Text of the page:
I have actually had this project finished and on the wall for several weeks now. It blends in great with our bedroom. We have a small space and I used the same white semi-gloss paint that we used on the trim and on my dresser, so everything is very cohesive. The one surprise that came out of this project? I have a LOT fewer necklaces than I thought! Time for another DIY?

Dining Room Art Project – Phase 1

The dining room recently received a bit of “bling”. (I refer to art and accessories that way, at least until a new word upstages bling in popular culture parlance. If this has already happened and I just didn’t notice, please leave me a comment.) The wall space between the new buffet and our storage shelves was bare. The only accessories? The dimmer and the thermostat. This is not exactly what I would consider a showcase. Enter two fun and inexpensive projects! I ordered a vintage map from Jamaica and cut out a simple mat to showcase it in a very simple “gallery style” frame and then made my own art with a photo project featuring our own gorgeous doggie, Rory! Read on for more!

Continue reading

Dining Room Light Fixture – on the cheap

For months I’ve craved a new dining room light fixture. Being renters, there are many little details we try to ignore (like the ugly ceiling fans in nearly every room), knowing it is not practical or cost-effective for us to change them. However, the dining room was the only room in the house with an overhead light fixture that was not a fan. The fixture wasn’t horrible – just very basic and very… high. My artistic soul cringes at things like bad and ineffective lighting, and although this one worked when you flipped the switch, it provided nothing in the vein of mood lighting. Our dining room could never play host to a relaxing dinner, a romantic spot for dessert, a chill environment for cocktails with friends, or even a cozy spot to sit and jot down a grocery list due to its horribly sad little light, perched all the way up on the ceiling. Installing a dimmer helped somewhat, but did not fix the problem. I’ve dreamed about creating a grand fixture, DIYing something truly impressive. My masterpiece would require books on wiring, saws and wood, paint and all manner of lighting supplies. It would be costly, time-consuming, and possibly life threatening to construct.

On Wednesday, I found a simple white drum shade for $12. My dreams ended, but the reality of a better-lit dining room dawned just over the horizon. Paired with a lantern light kit (originally purchased 5 years or so from Pier 1 for around $5), a simple ceiling medallion (Home Depot for $5) and a hook ($.50), we were in business. Continue reading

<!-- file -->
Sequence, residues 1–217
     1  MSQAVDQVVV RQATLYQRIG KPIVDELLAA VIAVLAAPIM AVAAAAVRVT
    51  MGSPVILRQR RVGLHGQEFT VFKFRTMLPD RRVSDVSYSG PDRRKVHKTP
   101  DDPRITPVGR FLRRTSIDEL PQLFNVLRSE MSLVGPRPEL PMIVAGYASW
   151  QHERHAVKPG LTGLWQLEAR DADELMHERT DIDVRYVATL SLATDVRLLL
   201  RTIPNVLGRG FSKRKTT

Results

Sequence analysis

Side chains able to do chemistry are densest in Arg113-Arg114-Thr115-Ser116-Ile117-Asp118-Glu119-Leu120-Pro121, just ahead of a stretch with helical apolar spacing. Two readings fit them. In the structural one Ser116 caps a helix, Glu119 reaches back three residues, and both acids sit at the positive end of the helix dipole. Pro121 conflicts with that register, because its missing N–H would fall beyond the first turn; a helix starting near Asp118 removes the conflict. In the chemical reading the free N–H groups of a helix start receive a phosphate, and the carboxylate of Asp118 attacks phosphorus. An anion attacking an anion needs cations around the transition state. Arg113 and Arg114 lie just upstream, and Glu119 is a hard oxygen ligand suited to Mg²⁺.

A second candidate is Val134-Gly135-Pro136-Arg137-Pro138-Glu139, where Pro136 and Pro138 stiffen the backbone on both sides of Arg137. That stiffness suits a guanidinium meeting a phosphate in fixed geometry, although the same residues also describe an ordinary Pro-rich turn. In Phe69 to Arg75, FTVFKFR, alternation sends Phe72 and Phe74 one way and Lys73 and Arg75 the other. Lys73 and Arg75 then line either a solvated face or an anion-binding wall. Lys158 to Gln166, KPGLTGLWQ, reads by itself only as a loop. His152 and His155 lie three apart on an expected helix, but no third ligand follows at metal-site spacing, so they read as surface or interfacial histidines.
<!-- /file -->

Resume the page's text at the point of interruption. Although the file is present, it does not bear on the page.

Doggie DayBed

Rory, the Queen of Cute.

We recently completed a huuuge project on our to-do list – the “industrial chic pallet daybed” I’ve mentioned. The daybed lives in the office, where it plays host to occasional visits from me and frequent lounging from Rory. I have since rechristened this piece of furniture the “doggie daybed”. The daybed itself is awesome – Tyler built it, so of course it would be. The base is made from reclaimed shipping pallets and Tyler took this project a step further, using an extra pallet for scrap wood so he could build extra support for the base. This thing is sturdy. We bought a twin mattress (and a waterproof mattress protector-note the drool spot in the photo between Rory’s paws) for the top.

I ordered a daybed cover from West Elm to bring the whole piece together. That sounds like an awesome idea, except that to my chagrin, West Elm skimped on the construction of said cover, using BUTTONS (buttons?!) on the short end to construct an impossible envelope instead of using a zipper on the long end to make for easy mattress insertion. The mattress WILL NOT FIT in their existing pocket. I measured the case and the mattress and the case has plenty of room to accommodate the mattress (we bought the extra-basic thin mattress, not the gigantic pillow-topped ones that are so popular today). After stewing angrily for a few days over this shoddy piece of workmanship, I took matters into my own hands. After 45 minutes with a seam ripper, the cover is successfully on the bed and looks pretty good- from three sides at least ; ). Much better than the wrinkly sheet in the photo, that’s for sure. Of course, the fabric store was out of 100″ zippers so I have basically sandwich bagged the cover around the mattress for the time being, but this is a start. I’ll post soon with final glamour shots and a how-to.